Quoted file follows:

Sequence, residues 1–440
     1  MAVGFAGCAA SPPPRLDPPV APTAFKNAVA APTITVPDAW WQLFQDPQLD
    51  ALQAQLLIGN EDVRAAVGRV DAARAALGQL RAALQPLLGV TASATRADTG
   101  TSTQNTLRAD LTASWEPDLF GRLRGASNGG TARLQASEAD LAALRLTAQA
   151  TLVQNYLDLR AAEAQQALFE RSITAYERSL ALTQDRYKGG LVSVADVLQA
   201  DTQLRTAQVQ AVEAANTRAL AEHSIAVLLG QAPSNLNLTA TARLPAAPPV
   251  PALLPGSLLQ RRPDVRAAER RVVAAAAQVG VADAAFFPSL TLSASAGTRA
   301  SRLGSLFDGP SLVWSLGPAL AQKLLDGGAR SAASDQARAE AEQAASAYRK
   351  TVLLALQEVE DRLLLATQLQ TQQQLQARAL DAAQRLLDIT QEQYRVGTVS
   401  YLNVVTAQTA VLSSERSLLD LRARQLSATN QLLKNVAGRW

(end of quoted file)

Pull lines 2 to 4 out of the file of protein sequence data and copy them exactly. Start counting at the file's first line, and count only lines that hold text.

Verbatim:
     1  MAVGFAGCAA SPPPRLDPPV APTAFKNAVA APTITVPDAW WQLFQDPQLD
    51  ALQAQLLIGN EDVRAAVGRV DAARAALGQL RAALQPLLGV TASATRADTG
   101  TSTQNTLRAD LTASWEPDLF GRLRGASNGG TARLQASEAD LAALRLTAQA